The water is murky as lights from an unmanned submersible shine on the seafloor, more than 10,000 feet below the surface. As the vehicle slowly moves through the depths of the Davidson Seamount off the coast of central California, a team of researchers observing everything remotely murmur in excitement as a giant corpse slowly comes into focus on the camera.
“Oh, whale fall!” one of them exclaimed.
This deep in the ocean, nutrients can be hard to come by. Whales may live closer to the surface, but when they die, their bodies sink and become a smorgasbord for the creatures that live far below. Over a dozen octopuses have nestled into the exposed ribcage of the great mammal, and many kinds of fish are lethargically poking around, nibbling at the remaining meat.
This footage, taken Oct. 19, 2019, is just a glimpse of some of the incredible sights captured by the E/V Nautilus, a research vessel charged with exploring and documenting one of the most fascinating and least explored parts of the planet: the bottom of the ocean.
On its YouTube channel, the crew of the Nautilus posts some of its greatest hits: the whale fall; a brine pool (a toxic-to-humans but vital to some wildlife naturally occurring pocket of highly salinated water); a garden of over a thousand octopuses solemnly guarding their fertilized eggs; and the rusted hulk of World War II German submarine U 166, sunk in the Gulf of Mexico.
As gorgeous and fascinating as these scenes are, the Nautilus’ most important work is less visually exciting but could be far more consequential. As of 2022, less than a quarter of Earth’s ocean floor has been properly mapped. A project known as the the Nippon Foundation-GEBCO Seabed 2030 Project, which is composed of two nonprofits, is working to slowly fill the gaps and completely map the entire ocean floor by the end of the decade. The data is coming from a number of sources, including world governments and their militaries, private corporations, and of course the Nautilus and other research vessels.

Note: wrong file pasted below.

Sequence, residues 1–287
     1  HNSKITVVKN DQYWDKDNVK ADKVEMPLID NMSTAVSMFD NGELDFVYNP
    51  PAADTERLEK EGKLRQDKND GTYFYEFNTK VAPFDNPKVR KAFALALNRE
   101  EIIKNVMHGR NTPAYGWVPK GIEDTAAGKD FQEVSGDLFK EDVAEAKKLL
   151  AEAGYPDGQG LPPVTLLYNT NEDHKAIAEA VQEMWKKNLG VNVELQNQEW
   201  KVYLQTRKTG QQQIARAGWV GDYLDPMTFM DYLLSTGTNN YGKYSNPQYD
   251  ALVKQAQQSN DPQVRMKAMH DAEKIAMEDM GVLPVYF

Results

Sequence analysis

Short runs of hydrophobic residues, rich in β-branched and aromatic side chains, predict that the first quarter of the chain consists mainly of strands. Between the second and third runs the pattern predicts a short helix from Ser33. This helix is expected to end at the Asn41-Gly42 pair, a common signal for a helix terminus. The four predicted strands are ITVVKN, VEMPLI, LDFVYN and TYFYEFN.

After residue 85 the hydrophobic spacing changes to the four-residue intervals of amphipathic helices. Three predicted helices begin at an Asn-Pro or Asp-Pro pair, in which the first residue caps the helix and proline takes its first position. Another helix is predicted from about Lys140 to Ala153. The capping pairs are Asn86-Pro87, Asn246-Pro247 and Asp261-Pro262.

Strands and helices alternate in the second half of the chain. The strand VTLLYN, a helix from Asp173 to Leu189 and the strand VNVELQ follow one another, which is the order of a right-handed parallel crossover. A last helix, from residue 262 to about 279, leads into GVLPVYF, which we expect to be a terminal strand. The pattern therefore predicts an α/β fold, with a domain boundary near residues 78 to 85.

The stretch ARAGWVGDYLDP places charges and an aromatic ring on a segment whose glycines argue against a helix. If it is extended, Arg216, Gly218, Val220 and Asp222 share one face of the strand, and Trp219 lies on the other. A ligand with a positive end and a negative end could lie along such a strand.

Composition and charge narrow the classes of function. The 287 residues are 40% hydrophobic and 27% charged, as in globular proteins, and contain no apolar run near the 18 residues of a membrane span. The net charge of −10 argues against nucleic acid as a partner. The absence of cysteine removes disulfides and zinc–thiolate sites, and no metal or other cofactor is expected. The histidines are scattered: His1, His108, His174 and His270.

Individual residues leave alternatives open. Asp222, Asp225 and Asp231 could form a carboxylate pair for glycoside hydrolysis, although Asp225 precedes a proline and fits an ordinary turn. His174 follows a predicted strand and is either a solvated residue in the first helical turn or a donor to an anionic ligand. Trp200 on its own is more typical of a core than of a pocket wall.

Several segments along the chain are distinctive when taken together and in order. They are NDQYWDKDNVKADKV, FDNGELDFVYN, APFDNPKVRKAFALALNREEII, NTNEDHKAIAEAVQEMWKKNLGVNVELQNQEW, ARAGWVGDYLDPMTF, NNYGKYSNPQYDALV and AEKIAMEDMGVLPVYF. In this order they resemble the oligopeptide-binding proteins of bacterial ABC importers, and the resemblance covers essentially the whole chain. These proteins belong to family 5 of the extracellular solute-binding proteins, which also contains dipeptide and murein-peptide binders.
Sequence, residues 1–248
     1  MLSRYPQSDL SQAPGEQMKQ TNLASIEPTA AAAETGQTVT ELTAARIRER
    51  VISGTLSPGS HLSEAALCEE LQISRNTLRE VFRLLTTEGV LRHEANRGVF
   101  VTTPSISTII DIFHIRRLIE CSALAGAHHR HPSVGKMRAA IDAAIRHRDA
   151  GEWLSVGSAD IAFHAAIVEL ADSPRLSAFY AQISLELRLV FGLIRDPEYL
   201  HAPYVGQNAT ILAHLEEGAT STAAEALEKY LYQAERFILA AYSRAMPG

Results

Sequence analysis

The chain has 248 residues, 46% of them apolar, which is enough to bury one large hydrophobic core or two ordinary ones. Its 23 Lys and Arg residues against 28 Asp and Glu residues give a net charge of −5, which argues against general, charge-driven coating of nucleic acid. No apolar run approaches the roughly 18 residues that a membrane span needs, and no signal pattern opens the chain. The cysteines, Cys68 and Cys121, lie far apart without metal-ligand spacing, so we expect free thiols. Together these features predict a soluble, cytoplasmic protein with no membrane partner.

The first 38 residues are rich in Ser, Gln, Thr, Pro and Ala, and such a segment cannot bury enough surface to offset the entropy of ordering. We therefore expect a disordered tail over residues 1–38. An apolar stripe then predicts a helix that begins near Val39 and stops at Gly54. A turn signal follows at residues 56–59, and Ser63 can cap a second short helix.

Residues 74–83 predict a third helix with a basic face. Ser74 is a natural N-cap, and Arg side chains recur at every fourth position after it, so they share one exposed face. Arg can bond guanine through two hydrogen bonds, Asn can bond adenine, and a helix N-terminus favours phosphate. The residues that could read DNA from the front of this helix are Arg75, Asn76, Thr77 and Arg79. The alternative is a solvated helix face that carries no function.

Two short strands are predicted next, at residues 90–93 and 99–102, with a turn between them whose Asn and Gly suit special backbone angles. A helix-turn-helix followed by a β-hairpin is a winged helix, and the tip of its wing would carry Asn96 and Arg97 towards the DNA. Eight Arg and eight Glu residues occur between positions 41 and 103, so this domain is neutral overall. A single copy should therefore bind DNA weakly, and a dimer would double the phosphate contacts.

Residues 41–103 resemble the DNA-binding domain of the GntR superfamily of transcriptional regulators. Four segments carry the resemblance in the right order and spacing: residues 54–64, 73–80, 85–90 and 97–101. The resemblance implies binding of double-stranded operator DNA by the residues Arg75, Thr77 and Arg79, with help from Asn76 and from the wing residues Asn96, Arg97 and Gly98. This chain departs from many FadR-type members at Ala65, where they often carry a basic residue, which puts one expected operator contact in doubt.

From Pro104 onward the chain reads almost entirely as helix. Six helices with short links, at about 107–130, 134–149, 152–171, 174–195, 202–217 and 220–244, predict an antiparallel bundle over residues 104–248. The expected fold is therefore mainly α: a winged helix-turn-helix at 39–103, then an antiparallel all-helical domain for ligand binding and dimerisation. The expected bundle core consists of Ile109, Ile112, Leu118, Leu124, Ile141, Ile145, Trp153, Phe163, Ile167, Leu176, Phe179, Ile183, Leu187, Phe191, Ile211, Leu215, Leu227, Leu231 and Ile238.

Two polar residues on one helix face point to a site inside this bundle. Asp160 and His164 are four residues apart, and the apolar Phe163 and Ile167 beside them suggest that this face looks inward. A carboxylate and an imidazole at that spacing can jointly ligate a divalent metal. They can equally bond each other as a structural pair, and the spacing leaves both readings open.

For the scientists helming this project, Seabed 2030 is not merely an adventurous journey to know what kind of hidden gems are laying at the bottom of the ocean (whether it’s geological marvels, ecological peculiarities, or man-made relics). A better understanding of how the planet’s climate is changing is at stake—and with that, the potential to save many more lives from suffering and preventable hardships.
Usually, the Nautilus accomplishes its mapping using a technique familiar to anyone who’s ever watched The Hunt For Red October: sonar. By sending sound deep into the water and calculating how long it takes to return, a picture can be drawn of the depth and ocean floor topography. Sonar also picks up what’s called backscatter, which is the intensity of the returning sound. Since different materials like rock, sand or coral absorb different amounts of sound, backscatter can help researchers determine what types of habitats might be located in different locations.
On previous voyages, the Nautilus had been the sole source of sonar signals. But that’s changed for a three-week trip that began June 15 to explore the Papahanaumokuakea Marine National Monument, a 583,000-square-mile stretch of ocean, atolls and islands in the Pacific near Hawaii. The crew brought along a new toy: an unmanned surface vehicle called DriX, to be sent into shallower waters with its own sonar array.
“The general path things are evolving in is we’re doing a lot more with robots and using autonomous vehicles,” Daniel Wagner, the lead scientist for the Ocean Exploration Trust (the nonprofit that runs the ship), told The Daily Beast. “So that’s a commitment that we’re trying to do over the next couple of years, is testing some of these emerging technologies.”
Mapping the ocean floor is not a new idea. Mariners looking to keep their ships from running aground in shallow water have noted obstructions since man took to sea. In the 18th century, ship crews were noting depth by throwing rope anchored by lead overboard and seeing how far they sank. By the 1930s, sonar was already being used to make rough outlines of the ocean floor. The work was expanded on by figures such as pioneering geologist Marie Tharp, whose map of the Atlantic Ocean was critical to helping scientists accept the theory of plate tectonics (which suggests the Earth’s outer crust is made of giant plates that have been moving around for billions of years).